Context is the situation within which something exists or happens, and that can help explain it.
From an evidence-based health care perspective, the importance of context has been acknowledged and recently defined as the varied characteristics of providers and users of health care, internal organisational arrangements, infrastructures and networks, responsiveness to change, and the broader healthcare system.  Each of these elements has the potential to influence or modify the use of evidence by healthcare providers, policy makers, and those accessing care. As providers of evidence-based palliative care information CareSearch recognises the importance of this and contextual intelligence which has been described as the ability to understand the limits of knowledge and to adapt that knowledge to an environment different from the one in which it was developed.  Tailoring information requires an understanding of context, and where the audience is diverse it requires an efficient approach to understanding differences in contexts and the consequent implications for the access and use of evidence and information. .
As discussed back in December 2019 this recognition, that providing access to information is often of itself not enough, prompted us to undertake the CareSearch Engagement Project; a project aimed at the development and testing of a structured approach to uncovering sector specific contexts and information channels. By engaging with our audiences, we hoped to better understand their contexts and needs, and how relevant information is identified and disseminated.
For the Engagement Project we purposely chose three very different sectors to test our approach: aged care; allied health; and patients, carers, and families. These sectors differ widely in many respects including organisational structure, member health literacy and role, and regulation of activity. Initially examining published literature for insights into the context of each sector, we complemented this with a series of workshops to speak directly with sector representatives to either correct or confirm our understanding, and to provide further insights. The project has now ended but the findings continue to inform CareSearch activity. So, what are some of the things we have learnt?
We learnt that, broadly speaking our understanding of individual sector contexts was correct, and this likely reflects, in part, the CareSearch model of co-creation and collaboration.  But we also learnt that only the sector can provide the detail required to fully adapt knowledge to their context. It is the nuanced differences and challenges that inform effective tailoring and adaptation.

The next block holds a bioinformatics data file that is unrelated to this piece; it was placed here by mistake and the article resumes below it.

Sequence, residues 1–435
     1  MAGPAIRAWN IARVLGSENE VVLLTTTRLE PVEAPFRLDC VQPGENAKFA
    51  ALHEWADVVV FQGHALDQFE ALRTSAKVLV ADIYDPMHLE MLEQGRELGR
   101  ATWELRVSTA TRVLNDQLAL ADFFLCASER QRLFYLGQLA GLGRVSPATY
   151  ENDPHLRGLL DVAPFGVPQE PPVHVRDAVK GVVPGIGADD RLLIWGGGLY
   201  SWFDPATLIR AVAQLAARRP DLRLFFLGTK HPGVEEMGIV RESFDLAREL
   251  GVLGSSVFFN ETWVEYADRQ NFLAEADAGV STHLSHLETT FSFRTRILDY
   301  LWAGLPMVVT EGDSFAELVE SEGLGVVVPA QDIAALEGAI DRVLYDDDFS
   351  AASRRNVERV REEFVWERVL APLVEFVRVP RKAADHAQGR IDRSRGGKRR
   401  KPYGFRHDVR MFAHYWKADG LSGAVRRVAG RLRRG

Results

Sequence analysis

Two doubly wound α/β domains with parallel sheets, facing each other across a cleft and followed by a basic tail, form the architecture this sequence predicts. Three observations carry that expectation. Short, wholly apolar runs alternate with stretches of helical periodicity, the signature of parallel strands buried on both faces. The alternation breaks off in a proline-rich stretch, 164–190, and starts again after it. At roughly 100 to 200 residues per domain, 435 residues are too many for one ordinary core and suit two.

All three sectors were challenged by the flood of available information, the lack of time or capacity to absorb it all, and the demands of providing or advocating for care at the end of life. Traditional information channels were often offered as avenues for dissemination but as the conversation progressed, difficulty finding the time to access even those was acknowledged. To this end, rapid access via online channels should provide a welcome shortcut, but instead, the plethora of options often leaves people confused. Established channels with highly selected ‘information bites’ and a range of formats are preferred.
Across sectors there was an expectation that information should be tailored or easily adapted to local needs, and the easiest way to achieve this is to ‘ask us’ or ‘write with us for us’. It should also state who the information is for and why it is important so that it can be easily recognised as relevant and brought to people’s attention. Remove the guess work. For care providers it should also indicate ‘what I can stop doing in order to take on the new things that I should be doing’. A growing list is both overwhelming and unrealistic and can mean that the simple measures are overlooked for more exciting but less impactful innovations.
We also learnt that across sectors there is an urgent need for clarity around roles and expectations, ‘what is our role and who is in charge?’ This will determine the information needed. People also need help to identify where they or the person they are caring for are on the journey, and they need to be shown the basics before taking on the complexities. ‘Learning to swim from the diving board’ is rarely optimal but frequently experienced.
Finally, trust is essential. For health and care professionals this often means a transparent link to evidence and a clear pathway to help them explore further. This fosters trust but also helps them to adapt the information to local needs. For others it is sufficient to know that evidence underpins the resources being provided, but ‘delivery of information by those I trust will always win any competition for my attention’.
Informing people with vastly different backgrounds, literacy levels and capacity, as well as roles is a challenge. Yet end of life is a universal experience that will impact us all. It is an inherently individual experience and the support and information provided must be inclusive and easily personalised. The Engagement Framework has highlighted that there are no short cuts, whether information is delivered via traditional or new channels time must be invested to learn the contextual details surrounding its delivery and use.
- Squires JE, Graham I, Bashir K, Nadalin-Penno L, Lavis J, Francis J, et al. Understanding context: A concept analysis. J Adv Nurs. 2019 Dec;75(12):3448-3470. doi: 10.1111/jan.14165. Epub 2019 Sep 4. PMID: 31359451.
- Khanna T. Contextual Intelligence [internet]. Harv Bus Rev. 2014 Sep [cited 2020 Jun 3].
- Collier A, Hodgins M, Johnston B, Tieman J. Evidence-based palliative care: How can we account for the messy world of practice? Palliat Med. 2019 Jul;33(7):723-725. doi: 10.1177/0269216319845977. PMID: 31287386.
Dr Katrina Erny-Albrecht, Senior Research Fellow at CareSearch, College of Nursing and Health Sciences, Flinders University